CloudSEK researchers have exposed nefarious tactics employed by threat actors to hijack Facebook accounts and misuse the popularity of ChatGPT to spread malware.
The finding shows that ChatGPT, a popular language model developed by OpenAI, is being exploited by these actors to attract users and trick them into downloading malware onto their devices.
Threat actors are using previously compromised data, phishing techniques, and stealer logs to infiltrate existing Facebook accounts and pages. Compromised accounts and pages are being used to distribute malware through various channels, such as Trello boards, Google Drive, and individual websites embedded in Facebook ads.
A password accompanies the download link to lend further credibility to the scam. Compromised accounts can also result in the theft of personally identifiable information (PII) and sensitive details such as payment information.
Infection chain – compromised Facebook accounts spreading malware
CloudSEK’s investigation has revealed the presence of 13 Facebook pages/accounts, totaling over 500K followers, that have been compromised and are being used to disseminate the malware via Facebook ads.
The oldest instance of such a hijacking, as identified by their researcher, dates back to 13 February 2023 and pertains to a page with over 23K followers.
”Cybercriminals are capitalizing on the popularity of ChatGPT, exploiting Facebook’s vast user base by compromising legitimate Facebook accounts to distribute malware via Facebook ads, putting users’ security at risk. Our investigation has uncovered 13 compromised pages with over 500K followers, some of which have been hijacked since February 2023. We urge users to be vigilant and aware of such malicious activities on the platform,” said Bablu Kumar, Cyber Intelligence Analyst, CloudSEK.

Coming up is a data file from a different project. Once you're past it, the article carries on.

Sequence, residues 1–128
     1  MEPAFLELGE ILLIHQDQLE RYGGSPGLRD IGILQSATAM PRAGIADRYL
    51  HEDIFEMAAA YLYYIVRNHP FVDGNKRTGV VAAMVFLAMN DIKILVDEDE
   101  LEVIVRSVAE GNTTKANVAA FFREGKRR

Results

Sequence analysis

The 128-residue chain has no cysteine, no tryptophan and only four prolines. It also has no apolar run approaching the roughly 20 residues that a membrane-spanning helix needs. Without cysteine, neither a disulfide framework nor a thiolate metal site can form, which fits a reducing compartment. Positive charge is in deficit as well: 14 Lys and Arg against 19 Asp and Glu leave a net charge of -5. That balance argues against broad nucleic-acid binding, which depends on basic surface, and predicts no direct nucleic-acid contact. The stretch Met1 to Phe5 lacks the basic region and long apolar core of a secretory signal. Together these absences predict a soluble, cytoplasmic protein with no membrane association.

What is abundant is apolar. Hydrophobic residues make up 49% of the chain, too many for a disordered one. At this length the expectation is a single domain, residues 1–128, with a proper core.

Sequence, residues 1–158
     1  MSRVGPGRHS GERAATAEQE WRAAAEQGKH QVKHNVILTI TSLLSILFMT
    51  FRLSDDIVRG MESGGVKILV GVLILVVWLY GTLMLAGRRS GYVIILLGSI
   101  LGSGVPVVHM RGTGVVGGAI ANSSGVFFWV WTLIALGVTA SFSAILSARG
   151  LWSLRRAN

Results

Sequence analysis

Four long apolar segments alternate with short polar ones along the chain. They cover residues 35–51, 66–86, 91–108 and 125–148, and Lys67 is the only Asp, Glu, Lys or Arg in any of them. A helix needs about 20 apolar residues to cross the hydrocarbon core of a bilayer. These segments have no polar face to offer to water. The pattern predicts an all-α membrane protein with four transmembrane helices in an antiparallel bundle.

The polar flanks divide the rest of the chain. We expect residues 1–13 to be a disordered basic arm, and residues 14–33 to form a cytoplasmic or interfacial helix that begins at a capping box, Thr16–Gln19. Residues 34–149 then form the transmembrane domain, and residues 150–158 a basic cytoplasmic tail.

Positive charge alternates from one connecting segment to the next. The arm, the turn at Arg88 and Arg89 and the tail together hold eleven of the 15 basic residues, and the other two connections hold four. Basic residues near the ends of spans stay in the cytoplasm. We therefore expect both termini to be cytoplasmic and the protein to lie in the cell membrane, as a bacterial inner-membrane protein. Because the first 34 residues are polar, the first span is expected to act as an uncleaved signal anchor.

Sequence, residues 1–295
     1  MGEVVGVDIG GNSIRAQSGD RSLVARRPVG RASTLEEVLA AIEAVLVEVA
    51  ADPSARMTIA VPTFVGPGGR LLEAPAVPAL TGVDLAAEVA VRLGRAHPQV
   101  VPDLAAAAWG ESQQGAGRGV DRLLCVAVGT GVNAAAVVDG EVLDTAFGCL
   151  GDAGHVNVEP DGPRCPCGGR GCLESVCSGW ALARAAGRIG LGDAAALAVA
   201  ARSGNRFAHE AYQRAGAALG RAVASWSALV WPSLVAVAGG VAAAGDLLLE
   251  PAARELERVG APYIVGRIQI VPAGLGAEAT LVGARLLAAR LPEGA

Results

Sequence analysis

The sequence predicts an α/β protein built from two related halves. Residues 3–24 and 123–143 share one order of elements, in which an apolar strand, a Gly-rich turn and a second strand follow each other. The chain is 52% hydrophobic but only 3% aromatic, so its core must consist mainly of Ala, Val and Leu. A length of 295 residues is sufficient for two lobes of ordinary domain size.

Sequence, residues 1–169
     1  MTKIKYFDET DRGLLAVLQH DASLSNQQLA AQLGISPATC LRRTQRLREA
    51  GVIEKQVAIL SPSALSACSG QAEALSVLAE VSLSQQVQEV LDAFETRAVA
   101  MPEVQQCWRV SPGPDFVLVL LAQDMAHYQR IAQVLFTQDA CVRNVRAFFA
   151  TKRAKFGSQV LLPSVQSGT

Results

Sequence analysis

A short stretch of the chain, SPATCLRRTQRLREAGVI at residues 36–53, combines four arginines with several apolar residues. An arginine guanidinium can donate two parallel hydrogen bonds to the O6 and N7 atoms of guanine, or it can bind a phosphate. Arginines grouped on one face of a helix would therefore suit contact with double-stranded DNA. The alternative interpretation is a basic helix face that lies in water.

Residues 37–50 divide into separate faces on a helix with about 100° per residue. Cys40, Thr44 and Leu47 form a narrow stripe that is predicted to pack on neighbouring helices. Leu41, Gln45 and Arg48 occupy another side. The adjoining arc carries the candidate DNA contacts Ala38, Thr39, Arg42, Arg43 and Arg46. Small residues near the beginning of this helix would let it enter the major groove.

The research paper also highlights the repeated use of a specific video to attract and engage the audience across the majority of the compromised accounts. This pattern suggests that this campaign, of deploying malware via Facebook ads, is most likely the activity of a distinct group of threat actors or an individual threat actor.
CloudSEK’s investigation has uncovered at least 25 websites engaging in the nefarious practice of impersonating the OpenAI.com website. These malicious sites are duping individuals into downloading and installing harmful software, posing a severe risk to their security and privacy.
Majority of compromised accounts were being controlled by Vietnamese actors. Semrush, SMIT, Evoto, and OBS Studio are a few other websites targeted in a similar manner.
“The malicious malware is not only capable of stealing sensitive information such as PII, system information, and credit card details from the user’s device, but also has replication capabilities to spread across systems through removable media. With the ability to escalate privileges and persistently remain on the system, it poses a significant threat. Its malicious nature is evident from being flagged by 9 out of 61 security vendors on VirusTotal,” said Bablu Kumar, Cyber Intelligence Analyst, CloudSEK.
The report also provides details of the threat actors and the Trello cards used by them to disseminate malware. CloudSEK’s findings are a testament to the growing threat landscape and highlight the need for individuals and organizations to remain vigilant and take proactive measures to protect their systems and networks.